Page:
Well, Donald Trump was half right – Boris Johnson is unstoppable, but maybe not so much for Nigel Farage. Trump’s appearance on LBC Radio was quite the coup – but also a desperate plea for help (from Nigel to Donald, obvs). It shows just how lonely Farage must be right now.
A couple of months ago, it was another world. No-deal Brexit was still on the table, probably, and Brexit seemed locked in the same gruesome limbo it had been in since 2016. Someone had a bright idea for an opinion poll. The usual questions were asked about who you’d vote for, with the usual result at the time – a modest Tory lead of 3 percentage points. The Brexit Party, which swept all before it in the European elections in the summer, was on about 14 per cent – troublesome for both the bigger parties. They were threatening to deprive the Tories of victory. Farage said they could be “Boris’ biggest friend” – but also his worst enemy. A hung parliament was on the cards.
The novel touch was to ask people how they think they would vote if Brexit had not been delivered by the time of this hypothetical general election, which would take place at some point after 31 October, with, presumably, another Article 50 extension in force. Then things went very differently: Boris Johnson’s lead over Jeremy Corbyn evaporated, and Labour went ahead with 28 per cent. Nigel Farage’s Brexit Party increased its appeal to closer to 17 per cent. Game on, for all the parties. A hung parliament looked even more likely. In the words of the Comres pollsters: “These figures suggest an electoral backlash may be in store for Boris Johnson, in what seemingly is becoming the likely scenario of Britain’s exit from the EU being delayed beyond 31 October and an election to be held shortly after. Voters would drift from the Tories to the Brexit Party, gifting Labour a chance at becoming the largest party with support from the Liberal Democrats.”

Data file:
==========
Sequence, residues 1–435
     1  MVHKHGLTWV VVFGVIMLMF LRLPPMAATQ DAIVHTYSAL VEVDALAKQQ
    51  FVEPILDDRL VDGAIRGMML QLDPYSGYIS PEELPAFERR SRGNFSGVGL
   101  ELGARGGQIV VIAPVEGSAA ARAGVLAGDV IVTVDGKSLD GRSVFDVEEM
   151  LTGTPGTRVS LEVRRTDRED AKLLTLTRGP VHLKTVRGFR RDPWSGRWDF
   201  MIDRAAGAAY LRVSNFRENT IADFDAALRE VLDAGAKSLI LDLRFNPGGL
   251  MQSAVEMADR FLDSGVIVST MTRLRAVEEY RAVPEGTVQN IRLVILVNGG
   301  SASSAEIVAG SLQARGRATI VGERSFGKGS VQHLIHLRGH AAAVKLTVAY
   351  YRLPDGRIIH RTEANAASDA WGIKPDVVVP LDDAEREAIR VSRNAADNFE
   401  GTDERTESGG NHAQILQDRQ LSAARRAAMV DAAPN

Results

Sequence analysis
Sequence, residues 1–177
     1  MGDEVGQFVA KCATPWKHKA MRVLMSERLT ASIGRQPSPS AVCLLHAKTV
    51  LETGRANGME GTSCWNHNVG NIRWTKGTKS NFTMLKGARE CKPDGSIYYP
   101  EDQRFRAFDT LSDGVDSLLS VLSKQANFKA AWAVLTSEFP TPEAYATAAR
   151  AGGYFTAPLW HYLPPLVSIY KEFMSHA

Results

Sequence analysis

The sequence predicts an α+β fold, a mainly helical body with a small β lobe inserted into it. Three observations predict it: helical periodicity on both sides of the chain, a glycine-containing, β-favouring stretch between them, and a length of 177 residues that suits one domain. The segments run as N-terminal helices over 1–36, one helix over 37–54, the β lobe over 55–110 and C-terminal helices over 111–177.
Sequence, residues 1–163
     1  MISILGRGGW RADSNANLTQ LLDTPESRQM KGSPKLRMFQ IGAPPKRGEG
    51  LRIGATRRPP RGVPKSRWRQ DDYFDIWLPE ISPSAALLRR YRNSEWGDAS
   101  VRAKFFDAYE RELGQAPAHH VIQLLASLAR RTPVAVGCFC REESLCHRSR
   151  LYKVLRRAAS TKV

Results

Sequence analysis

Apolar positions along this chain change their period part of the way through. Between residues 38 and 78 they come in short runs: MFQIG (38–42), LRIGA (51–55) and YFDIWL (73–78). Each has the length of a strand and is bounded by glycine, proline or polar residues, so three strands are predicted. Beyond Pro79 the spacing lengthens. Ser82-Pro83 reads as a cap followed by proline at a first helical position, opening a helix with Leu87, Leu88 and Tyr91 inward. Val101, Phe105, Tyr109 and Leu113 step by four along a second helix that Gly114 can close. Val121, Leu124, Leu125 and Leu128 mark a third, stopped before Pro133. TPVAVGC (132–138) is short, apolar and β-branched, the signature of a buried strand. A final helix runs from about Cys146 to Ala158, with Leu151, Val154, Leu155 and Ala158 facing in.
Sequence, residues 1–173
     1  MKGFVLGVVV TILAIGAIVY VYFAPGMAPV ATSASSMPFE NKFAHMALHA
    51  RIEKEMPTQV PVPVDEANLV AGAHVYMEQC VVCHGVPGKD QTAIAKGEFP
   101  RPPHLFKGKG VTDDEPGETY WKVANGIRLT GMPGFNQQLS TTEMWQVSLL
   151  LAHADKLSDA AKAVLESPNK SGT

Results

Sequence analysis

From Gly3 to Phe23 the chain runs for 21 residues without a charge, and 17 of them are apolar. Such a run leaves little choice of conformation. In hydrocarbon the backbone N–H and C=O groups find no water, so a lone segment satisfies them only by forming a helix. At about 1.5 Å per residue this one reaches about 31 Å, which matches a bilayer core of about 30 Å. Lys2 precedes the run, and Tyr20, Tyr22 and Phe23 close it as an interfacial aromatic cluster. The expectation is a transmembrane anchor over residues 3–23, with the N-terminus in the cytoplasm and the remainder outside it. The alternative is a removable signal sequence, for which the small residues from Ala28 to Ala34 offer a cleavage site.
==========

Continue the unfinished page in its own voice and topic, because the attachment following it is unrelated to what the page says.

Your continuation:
Oh well, it hasn’t quite worked out that way, has it? Farage’s personal vehicle is down to single figures, and looks more than ever to be a one-man band. Some of his rich backers want him to call it a day and just let Johnson get on with winning.
This is obviously because Johnson has managed to get a “deal” of sorts, whereas the assumption then was that there’d be more chaos. Agreed, all Johnson has won is a ropey Withdrawal Agreement – but it will do. For the average knackered punter it looks very much as though this stage of Brexit has indeed been sorted. With a majority in parliament, Johnson will be able to push this off. The fact it’s a couple of weeks late seems to be trivial.
Had there still been no such deal, and just stasis, then the fulminations of Nigel Farage about a “clean break Brexit” might well have impressed some of the more militant Leave voters. But there is, and Farage’s fulminations are not working. The Brexit party’s poll ratings are looking fairly sickly, slumping into single figures. The Tories, with a commanding 15-point lead over Labour hardly need Farage to rescue them. If Brexit will soon be over, so will the Brexit party and so will Farage.